Alaska owns a massive investment account, and lately, it has been growing rapidly.
In the last fiscal year, Permanent Fund Corporation Chief Executive Officer Angela Rodell said the corporation is up 12.5 percent.
“We made $7 billion dollars,” she said.
Right after the last big global financial crisis in 2008, Alaska’s sovereign wealth fund had about $25 billion dollars in it. And today, Alaska’s Permanent Fund has $63 billion in it. It doubled in size in less than a decade.
Rodell highlights two things when she talks about the growth. The first, money grows money. The more you have, the more you make.
The second is a bit more complicated. The answer starts in 1976. That was the year Alaskans decided they wanted to put away some of their oil wealth.
Bob Maynard was a young oil and gas attorney with the state, working on the legal language that would eventually create the Permanent Fund. That language sticks out for him, because it’s one of the first things he brings up when asked about his decades working with and for the Permanent Fund corporation.
His big contribution?
“If you look at the opening phrase of the Permanent Fund amendment, it’s grammatically tough. A bunch of us were in the (Attorney General’s) office arguing about how you phrase that opening phrase. The mineral royalties, rents, etc. There’s no good way to do that. And, at one point someone put in an Oxford comma … And, I think I successfully argued to take that out.”
Maynard says he’s actually a fan of the Oxford comma. He just doesn’t like to see it misused.
So, when the fund was first created. The state kept it on a tight leash. Fund managers were only allowed to invest in things that were specifically written into state statute. And that list of things was short, Rodell said, real short.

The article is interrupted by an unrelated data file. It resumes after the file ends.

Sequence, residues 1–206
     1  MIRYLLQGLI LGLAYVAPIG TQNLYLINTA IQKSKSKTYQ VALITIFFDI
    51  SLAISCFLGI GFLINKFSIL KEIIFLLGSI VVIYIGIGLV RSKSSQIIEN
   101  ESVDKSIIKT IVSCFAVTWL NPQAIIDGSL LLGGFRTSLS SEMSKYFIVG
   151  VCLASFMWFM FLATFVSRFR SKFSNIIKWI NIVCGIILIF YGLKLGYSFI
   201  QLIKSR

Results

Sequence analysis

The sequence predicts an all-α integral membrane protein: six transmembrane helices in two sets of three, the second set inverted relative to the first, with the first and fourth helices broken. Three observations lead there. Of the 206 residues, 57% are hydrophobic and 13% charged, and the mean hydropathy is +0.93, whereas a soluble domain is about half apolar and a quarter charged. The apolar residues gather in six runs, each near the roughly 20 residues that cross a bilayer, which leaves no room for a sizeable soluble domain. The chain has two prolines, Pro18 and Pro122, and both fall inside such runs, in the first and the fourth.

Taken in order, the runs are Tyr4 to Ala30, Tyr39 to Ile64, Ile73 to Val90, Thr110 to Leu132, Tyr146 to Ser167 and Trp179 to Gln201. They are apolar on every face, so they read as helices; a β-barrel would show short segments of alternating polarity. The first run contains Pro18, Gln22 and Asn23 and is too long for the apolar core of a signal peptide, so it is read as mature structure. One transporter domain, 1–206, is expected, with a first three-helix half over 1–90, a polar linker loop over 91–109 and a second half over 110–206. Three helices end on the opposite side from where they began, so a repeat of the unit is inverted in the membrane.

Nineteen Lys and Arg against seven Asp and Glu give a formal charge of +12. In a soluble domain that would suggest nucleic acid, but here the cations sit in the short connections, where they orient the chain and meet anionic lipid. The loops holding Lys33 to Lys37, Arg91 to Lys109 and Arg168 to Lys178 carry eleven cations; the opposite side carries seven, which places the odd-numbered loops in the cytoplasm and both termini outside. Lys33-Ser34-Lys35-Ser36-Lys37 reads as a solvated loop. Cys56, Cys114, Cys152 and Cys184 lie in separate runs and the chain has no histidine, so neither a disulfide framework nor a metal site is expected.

“The list included bonds, treasury bonds. And that was it,” she said.
Treasury bonds are pretty safe, barring double-digit inflation it’s easy to count on getting your money back. Rodell says there’s nothing wrong with them but with low risk, comes low reward.
Over time the state loosened up the restrictions on investing the Permanent Fund. It took nearly ten years before managers were allowed to invest in stocks. Several years later, they were allowed to invest outside the U.S.
Maynard says it was a slow opening up to the market.
“Essentially, you’re investing with some hands partly tied behind your back,” he said.
Each time something new was added to that list, the fund took on more complex projects. Then, in 2005, the legislature finally got rid of the list. They replaced it with a mandate to invest responsibly.
This is the second moment Rodell points to as key to the fund’s explosive growth. Finally, investment managers were able to dig into some investments that that were riskier — but, came with greater rewards.
Now, the fund that grew from Alaska’s oil wealth is everywhere: stocks, bonds, real estate, hedge funds, infrastructure. It has also showered money on biotech companies doing cutting-edge drug and cancer research.
And, with each new deal, investors have to become experts in each type of investment.